I was at the Kapaliswarar temple yesterday and noticed that Singaravelar and His consorts were in a palanquin and being decked up. A glance at the huge vinyl signboard that gives the temple’s list of events for the month revealed that this is when Singaravelar goes off to the forest for a picnic. This is his day for vana bhojanam, which literally means eating in a forest. Those familiar with the Bhagavatam and the Narayaneeyam will know that Krishna’s vana bhojanam is one of the most beautiful episodes possible.

Google informs me that vana bhojanam is a festival celebrated in the month of Karthik and Shravan in Andhra. People go to the forests or any open space. Food is pooled and community feeding is the norm. Madras was after all more Telugu than Tamil and so I assume that this ritual has come down from that part of the country. I am of course not sure that vana bhojanam does not exist in Thanjavur, Tirunelveli or other parts of Tamil Nadu. And as to why Singaravelar has his vana bhojanam in the month of Thai (Makara) I don’t have an answer.

Leaving all that aside, where does Singaravelar go off to for vana bhojanam? After all, there is no forest anywhere near Mylapore if you exclude concrete jungles. Well, He has an exclusive garden for Himself, with a pavilion in it. Only now that garden has no plants and its courtyard is paved. But it is still a neat little place. It stands at the edge of Mylapore, just before the old post office, on RK Mutt Road. One step further and you are in Mandaveli, which as the name implies, was the pasture for the cattle of Mylapore and which therefore must have meant the outer boundary of the old town of Mylapore. And so, Singaravelar goes off to the edge of his demesne and has his feast.

Nowadays I am sure the priests find this more of a pain. The palanquin has to be carried amidst traffic and so what must have once been a leisurely journey is now a hurried affair. A quick Abhishekam and Naivedyam follow which those rushing by on RK Mutt Road barely notice. Then it is time to get back. We must however be thankful that a palanquin is still used. I shudder to think of the day when Singaravelar will be transported by car.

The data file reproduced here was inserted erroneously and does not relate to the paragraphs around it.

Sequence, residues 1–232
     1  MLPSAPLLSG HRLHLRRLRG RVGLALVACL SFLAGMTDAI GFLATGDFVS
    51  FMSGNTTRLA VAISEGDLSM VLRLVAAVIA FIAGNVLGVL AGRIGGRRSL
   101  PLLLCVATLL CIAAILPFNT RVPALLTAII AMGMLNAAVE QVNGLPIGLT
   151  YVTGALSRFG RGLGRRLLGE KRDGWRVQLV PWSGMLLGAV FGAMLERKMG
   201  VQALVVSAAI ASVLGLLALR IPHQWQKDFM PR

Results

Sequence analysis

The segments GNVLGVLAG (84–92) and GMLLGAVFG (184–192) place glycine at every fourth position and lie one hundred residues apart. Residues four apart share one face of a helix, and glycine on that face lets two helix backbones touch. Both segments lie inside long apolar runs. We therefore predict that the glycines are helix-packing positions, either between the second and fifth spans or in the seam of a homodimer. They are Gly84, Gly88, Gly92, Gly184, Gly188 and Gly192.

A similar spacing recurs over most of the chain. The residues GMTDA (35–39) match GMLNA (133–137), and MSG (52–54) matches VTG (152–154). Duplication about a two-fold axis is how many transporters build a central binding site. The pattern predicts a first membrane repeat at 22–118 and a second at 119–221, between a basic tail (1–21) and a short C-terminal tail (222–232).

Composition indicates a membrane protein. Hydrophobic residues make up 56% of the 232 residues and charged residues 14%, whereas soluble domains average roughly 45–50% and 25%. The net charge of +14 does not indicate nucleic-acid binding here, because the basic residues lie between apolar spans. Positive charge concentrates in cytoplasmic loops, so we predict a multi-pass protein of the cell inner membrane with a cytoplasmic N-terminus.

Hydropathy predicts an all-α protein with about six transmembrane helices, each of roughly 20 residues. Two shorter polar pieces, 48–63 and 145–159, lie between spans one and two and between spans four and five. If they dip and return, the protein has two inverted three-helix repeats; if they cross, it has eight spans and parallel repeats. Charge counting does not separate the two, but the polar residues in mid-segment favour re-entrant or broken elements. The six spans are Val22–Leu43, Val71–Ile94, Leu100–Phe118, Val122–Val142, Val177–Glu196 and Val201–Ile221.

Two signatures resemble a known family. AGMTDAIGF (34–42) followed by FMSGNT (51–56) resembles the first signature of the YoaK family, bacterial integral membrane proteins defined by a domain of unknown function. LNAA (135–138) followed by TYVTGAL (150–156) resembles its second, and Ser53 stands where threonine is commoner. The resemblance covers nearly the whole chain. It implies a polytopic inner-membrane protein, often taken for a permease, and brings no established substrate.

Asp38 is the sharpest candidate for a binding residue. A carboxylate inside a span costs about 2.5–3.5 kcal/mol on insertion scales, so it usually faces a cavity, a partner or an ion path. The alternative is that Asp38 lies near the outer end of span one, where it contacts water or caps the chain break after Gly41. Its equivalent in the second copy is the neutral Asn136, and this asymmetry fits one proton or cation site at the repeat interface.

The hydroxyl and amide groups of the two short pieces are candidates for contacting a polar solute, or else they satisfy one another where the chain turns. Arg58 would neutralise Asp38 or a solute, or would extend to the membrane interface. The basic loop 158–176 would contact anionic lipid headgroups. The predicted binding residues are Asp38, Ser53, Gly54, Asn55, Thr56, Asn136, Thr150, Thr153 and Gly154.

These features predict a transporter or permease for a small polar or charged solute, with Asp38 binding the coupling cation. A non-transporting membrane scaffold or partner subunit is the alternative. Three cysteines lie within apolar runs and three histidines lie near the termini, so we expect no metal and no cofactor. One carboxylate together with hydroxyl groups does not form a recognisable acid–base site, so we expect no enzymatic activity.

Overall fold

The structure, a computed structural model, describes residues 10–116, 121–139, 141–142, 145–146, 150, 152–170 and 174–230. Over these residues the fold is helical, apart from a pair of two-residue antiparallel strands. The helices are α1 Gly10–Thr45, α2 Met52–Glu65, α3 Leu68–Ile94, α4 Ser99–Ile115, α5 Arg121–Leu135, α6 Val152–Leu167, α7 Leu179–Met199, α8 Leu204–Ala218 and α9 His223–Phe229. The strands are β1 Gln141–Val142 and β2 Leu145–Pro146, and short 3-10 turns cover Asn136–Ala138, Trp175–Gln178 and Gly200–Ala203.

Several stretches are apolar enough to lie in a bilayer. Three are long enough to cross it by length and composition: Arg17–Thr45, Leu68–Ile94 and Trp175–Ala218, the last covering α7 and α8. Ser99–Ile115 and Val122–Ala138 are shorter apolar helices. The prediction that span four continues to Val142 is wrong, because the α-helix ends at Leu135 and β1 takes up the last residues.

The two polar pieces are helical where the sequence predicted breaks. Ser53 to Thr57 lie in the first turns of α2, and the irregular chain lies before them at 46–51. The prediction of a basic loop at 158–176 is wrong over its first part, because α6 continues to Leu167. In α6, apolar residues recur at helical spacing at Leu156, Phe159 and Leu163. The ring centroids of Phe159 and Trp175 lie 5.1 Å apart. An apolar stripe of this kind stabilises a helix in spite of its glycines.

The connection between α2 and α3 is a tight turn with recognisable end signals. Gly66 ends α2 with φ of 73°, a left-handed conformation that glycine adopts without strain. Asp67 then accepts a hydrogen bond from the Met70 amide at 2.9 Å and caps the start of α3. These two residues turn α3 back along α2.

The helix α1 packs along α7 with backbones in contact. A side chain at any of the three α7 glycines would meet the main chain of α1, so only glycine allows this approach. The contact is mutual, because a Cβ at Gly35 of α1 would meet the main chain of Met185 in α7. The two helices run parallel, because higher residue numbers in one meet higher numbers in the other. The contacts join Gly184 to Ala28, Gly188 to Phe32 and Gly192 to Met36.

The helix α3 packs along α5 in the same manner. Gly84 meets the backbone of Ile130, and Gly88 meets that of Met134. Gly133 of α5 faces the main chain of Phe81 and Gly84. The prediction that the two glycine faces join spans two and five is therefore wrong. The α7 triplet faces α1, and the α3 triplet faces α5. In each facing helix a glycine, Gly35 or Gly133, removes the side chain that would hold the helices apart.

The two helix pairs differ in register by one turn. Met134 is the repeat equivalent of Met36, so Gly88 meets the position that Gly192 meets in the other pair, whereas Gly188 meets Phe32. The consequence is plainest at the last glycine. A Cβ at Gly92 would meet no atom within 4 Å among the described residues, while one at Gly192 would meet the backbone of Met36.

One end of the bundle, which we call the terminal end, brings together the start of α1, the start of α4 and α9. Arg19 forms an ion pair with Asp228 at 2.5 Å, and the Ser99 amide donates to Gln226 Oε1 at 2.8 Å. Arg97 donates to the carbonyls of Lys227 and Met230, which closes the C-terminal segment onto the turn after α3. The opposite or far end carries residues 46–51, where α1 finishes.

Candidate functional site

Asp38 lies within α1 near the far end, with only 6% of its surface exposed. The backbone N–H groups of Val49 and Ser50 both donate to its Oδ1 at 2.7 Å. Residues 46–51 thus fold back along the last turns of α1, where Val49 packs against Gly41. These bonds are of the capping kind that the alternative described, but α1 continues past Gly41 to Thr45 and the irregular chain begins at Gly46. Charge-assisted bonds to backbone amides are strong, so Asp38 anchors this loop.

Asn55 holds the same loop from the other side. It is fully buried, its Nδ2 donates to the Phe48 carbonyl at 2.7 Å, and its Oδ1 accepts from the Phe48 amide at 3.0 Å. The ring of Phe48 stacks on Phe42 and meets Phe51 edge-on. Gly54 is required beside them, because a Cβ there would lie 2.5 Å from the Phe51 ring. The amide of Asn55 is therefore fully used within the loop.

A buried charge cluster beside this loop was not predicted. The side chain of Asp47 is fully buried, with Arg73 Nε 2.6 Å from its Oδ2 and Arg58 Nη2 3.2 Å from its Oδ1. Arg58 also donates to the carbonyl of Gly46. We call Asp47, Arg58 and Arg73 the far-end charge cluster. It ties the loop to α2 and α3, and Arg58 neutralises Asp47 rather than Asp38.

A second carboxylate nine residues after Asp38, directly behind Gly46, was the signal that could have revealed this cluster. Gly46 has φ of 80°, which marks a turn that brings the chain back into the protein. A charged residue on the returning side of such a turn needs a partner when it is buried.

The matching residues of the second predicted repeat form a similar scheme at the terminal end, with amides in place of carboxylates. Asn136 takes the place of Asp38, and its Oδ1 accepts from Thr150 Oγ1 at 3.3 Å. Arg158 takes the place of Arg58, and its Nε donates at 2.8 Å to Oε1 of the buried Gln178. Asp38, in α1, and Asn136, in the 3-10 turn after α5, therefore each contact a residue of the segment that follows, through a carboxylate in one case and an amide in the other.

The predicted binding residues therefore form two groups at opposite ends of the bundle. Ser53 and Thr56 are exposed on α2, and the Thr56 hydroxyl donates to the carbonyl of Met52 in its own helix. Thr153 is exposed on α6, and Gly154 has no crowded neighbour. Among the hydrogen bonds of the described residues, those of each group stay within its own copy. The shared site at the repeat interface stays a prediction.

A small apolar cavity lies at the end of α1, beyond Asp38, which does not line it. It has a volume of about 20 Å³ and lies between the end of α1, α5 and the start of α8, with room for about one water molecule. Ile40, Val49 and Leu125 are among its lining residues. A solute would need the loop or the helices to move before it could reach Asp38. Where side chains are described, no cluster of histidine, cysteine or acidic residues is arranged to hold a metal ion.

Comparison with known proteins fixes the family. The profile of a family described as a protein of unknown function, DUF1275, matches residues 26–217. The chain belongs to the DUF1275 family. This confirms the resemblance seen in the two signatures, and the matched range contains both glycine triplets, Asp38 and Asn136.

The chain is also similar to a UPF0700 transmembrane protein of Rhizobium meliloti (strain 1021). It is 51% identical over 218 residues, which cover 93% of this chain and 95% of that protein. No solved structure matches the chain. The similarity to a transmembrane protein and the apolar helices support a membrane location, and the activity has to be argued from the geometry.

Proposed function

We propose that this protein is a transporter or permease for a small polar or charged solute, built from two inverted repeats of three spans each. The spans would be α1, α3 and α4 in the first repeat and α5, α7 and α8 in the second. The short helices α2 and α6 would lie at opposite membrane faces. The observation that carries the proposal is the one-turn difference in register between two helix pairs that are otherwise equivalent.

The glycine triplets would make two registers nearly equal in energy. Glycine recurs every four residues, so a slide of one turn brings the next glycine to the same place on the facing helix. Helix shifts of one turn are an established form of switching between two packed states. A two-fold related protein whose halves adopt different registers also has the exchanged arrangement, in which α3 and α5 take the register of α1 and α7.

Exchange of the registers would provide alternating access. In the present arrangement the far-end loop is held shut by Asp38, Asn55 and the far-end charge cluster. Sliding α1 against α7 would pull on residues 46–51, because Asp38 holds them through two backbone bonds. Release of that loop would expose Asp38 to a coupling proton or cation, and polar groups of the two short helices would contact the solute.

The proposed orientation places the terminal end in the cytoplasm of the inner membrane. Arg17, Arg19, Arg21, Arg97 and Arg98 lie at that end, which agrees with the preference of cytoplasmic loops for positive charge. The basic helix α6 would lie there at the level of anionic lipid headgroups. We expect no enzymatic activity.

But in its time it must have been a lovely festival. The devout from the town must have followed the Lord and spent the day with Him in the sylvan surroundings of His garden, with breeze flowing in from the open Mandaveli. With the breeze would have come the tinkle of cows bells… Someone may have sung a Tiruppugazh or two. Then naivedyam and after that feasting in the presence of the deity.

Modernisation brings its own travails and Singaravelar is not immune. He had to fight to regain His garden from encroachments and for the rest of the year when He does not visit the place, He keeps it locked. He must be afraid of real estate sharks.

In this He has proved to be cleverer than his father, old Kapali who had a sprawling vana bhojana thottam (garden) further South. Now known has KVB Thottam (Kapali Vana Bhajana Thottam), it is a huge slum, part of several such thottams taken over by the Government in the 1960s by way of slum clearance. Other victims were Velleeswaran Thottam, Narayanaswami Thottam and Visalakshi Thottam. Wonder where these deities go for vana bhojanam? Perhaps they rent Singaravelar’s home away from home.

In this connection I remember that Parthasarathy of Triplicane also goes out on such jaunts. One such takes Him as far as Ekkaduthangal. Now that that place is also pretty much filled up, I wonder if he feasts at the Hilton and comes back.